This morning I logged onto to Katie’sblog first and was really touched by what she’d written. I could so relate to what she’d said, we are very similar, Katie and I, although we live literally tens of thousands of miles apart and I’m 13 years older than her, I can so relate to what she is saying, because I too have felt the failure she is speaking of. One of the things we have in common is our steely determination. W’s nickname for me is Determined Sharon, apparently the apple doesn’t fall far from the tree, I have inherited this trait from my mother, Determined Dianna. There is no obstacle in life I cannot over come, there is nothing (so far in life) that I have not been able to achieve when I’ve set my mind to it. I’m capable of buckling down under the most extreme conditions and getting the job done achieving whatever it is that I’ve set out to achieve. There is only one area in my life where this determination has not seen me succeed – my infertility. And its been a long hard lesson for me to realize that sometimes dedication and determination are not enough, sometimes we have to give up the control and just let go and let God. Its taken me years to learn this.
My first miscarriage was definitley one of the most traumatic out of the lot, mostly because failure was just not something that I could even consider. It never even occurred to me that I could have a miscarriage. That was like this dreadful thing you heard whispered about and pitied at ladies tea parties. It wasn’t something could happen to me. When it did happen it was a huge shock, the first few weeks afterwards were spent in a fog of disbelief and total shock. I couldn’t even fathom that that could happen to me. Then came the sadness and sense of loss. I know only those of you who have been pregnant and suffered an early loss can understand this, but it wasn’t just the loss of that tiny embryo it was the loss of so much more. Of what could have been, of what should have been. Of dreams and aspirations and ambitions, of sleepless nights and milestons. Of first steps and first bike rides and first days of school. It was the loss of those things that hurt so badly, that took so long to come to terms with.
My second miscarriage and all my miscarriages there after all started as threatened miscarriages, so I was given the opportunity to gently let go and say good bye to all those emotions, not just have it ripped away from me, waking up one morning lying in a pool of blood. As happened with my first miscarriage. My last miscarriage was also extremely traumatic, but that’s for many other reasons.
The toughest part of recovering from my miscarriages was coming to terms with the sense of failure, firstly and most importantly I was a total failure as a mother because my body had not done what it was designed to do. It did not nuture and protect my baby, it did in fact kill my babies. I was a failure as a woman, I was a failure as a wife, as a daughter, as a sister and sister in law, I was a failure as an Auntie. It felt as though I had failed in every aspect of being a human being. I also felt a failure as a friend when as each of my friends announced their pregnancies, I did not feel happiness for them, I felt as though my heart was being ripped out. As each one of them gave birth and I was unable to hold their babies and feel love and joy, instead I was overwhelmed with what could have been, with what should have been.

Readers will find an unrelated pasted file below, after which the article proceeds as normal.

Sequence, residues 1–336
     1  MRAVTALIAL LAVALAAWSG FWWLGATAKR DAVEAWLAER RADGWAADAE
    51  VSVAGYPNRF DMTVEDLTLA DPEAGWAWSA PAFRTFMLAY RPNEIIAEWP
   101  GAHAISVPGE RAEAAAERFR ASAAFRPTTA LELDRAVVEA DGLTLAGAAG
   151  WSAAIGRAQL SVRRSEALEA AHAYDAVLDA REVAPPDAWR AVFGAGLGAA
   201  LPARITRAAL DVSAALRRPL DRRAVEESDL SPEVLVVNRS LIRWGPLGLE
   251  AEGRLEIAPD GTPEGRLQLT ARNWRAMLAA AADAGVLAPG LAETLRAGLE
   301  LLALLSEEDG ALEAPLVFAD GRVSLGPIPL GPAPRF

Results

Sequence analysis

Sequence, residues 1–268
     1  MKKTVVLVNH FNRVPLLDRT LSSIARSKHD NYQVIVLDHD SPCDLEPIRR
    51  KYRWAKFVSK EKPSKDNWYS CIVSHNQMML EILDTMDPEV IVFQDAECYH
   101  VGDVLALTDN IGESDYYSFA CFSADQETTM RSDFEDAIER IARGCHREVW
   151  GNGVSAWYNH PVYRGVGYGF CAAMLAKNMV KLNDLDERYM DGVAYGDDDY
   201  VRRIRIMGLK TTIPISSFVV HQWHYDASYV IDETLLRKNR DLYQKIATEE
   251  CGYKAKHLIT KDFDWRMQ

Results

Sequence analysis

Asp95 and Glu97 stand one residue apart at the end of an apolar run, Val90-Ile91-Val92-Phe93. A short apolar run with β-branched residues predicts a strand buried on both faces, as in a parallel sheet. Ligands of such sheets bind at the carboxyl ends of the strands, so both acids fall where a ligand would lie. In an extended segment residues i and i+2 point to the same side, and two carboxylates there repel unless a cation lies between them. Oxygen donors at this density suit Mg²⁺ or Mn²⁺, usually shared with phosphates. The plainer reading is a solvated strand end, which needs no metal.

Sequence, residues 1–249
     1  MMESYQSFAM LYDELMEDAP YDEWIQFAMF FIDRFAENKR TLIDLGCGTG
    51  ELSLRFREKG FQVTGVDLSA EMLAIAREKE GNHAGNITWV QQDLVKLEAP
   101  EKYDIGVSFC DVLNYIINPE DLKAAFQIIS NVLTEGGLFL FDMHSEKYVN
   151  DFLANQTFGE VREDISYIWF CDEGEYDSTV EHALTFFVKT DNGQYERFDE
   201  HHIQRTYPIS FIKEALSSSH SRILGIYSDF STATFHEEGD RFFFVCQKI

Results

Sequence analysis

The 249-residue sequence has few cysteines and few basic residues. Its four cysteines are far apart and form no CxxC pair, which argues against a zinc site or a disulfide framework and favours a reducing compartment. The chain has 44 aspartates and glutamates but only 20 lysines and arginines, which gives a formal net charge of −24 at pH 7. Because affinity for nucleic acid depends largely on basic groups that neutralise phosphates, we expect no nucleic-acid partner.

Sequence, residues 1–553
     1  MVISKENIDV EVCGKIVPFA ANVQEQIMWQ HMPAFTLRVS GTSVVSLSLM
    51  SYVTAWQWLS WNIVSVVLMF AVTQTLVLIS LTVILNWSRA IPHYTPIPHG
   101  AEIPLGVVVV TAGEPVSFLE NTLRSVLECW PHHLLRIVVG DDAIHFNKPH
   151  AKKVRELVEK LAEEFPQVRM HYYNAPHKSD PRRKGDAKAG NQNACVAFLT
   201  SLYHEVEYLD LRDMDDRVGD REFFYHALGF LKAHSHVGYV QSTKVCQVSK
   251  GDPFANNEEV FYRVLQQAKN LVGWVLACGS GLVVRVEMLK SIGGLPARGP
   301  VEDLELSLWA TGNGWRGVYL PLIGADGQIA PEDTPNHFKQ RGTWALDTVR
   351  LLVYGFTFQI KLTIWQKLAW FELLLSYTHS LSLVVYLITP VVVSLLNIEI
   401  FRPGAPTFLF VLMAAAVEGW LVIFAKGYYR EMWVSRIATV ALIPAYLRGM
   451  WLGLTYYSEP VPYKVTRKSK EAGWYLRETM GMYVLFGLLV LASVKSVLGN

Feelings of failure are probably some of the hardest I’ve had to over come during my long winding road of infertility. I also understand Katie’s fear. I remember after my first and second miscarriages thinking I would not be able to survive another one, that I would rather die that have to cope through another loss.
But, 6 years down the winding road, I can look back around the bends to the beginning of my journey and with absolute certainty I can say I am not a failure. If anything, my steely determination has brought me along this journey. At times, I’ve had to literally white knuckle it, I’ve had to hold on so tight to my sanity, I’ve had to hold on so tight so as not to completely loose control and fall over the edge into the abyss of complete over wrought emotion and insanity. My determination to succeed has kept me going, has forced me to get up each time I get knocked down, dust myself off and keep trying.
Its only now that I can say with certainty, I am NOT a failure, if anything its quite the opposite, I’m a total success, look at the obstacles I’ve over come and I’m still standing, squaring my shoulders and look life straight in the eye. The biggest mind shift that has occured for me is realizing that having children or not having children is not actually about success or failure. How we cope with our battle is what counts, do we operate with integrity and love and compassion? As long as I can continue to operate from a place of integrity, love, honesty and compassion, I’ve already won.
My determination allows me to say, I refuse to be beaten by this, I refuse to be buckled under the stress and strain of infertility and that allows me to say I am a success and I have already won!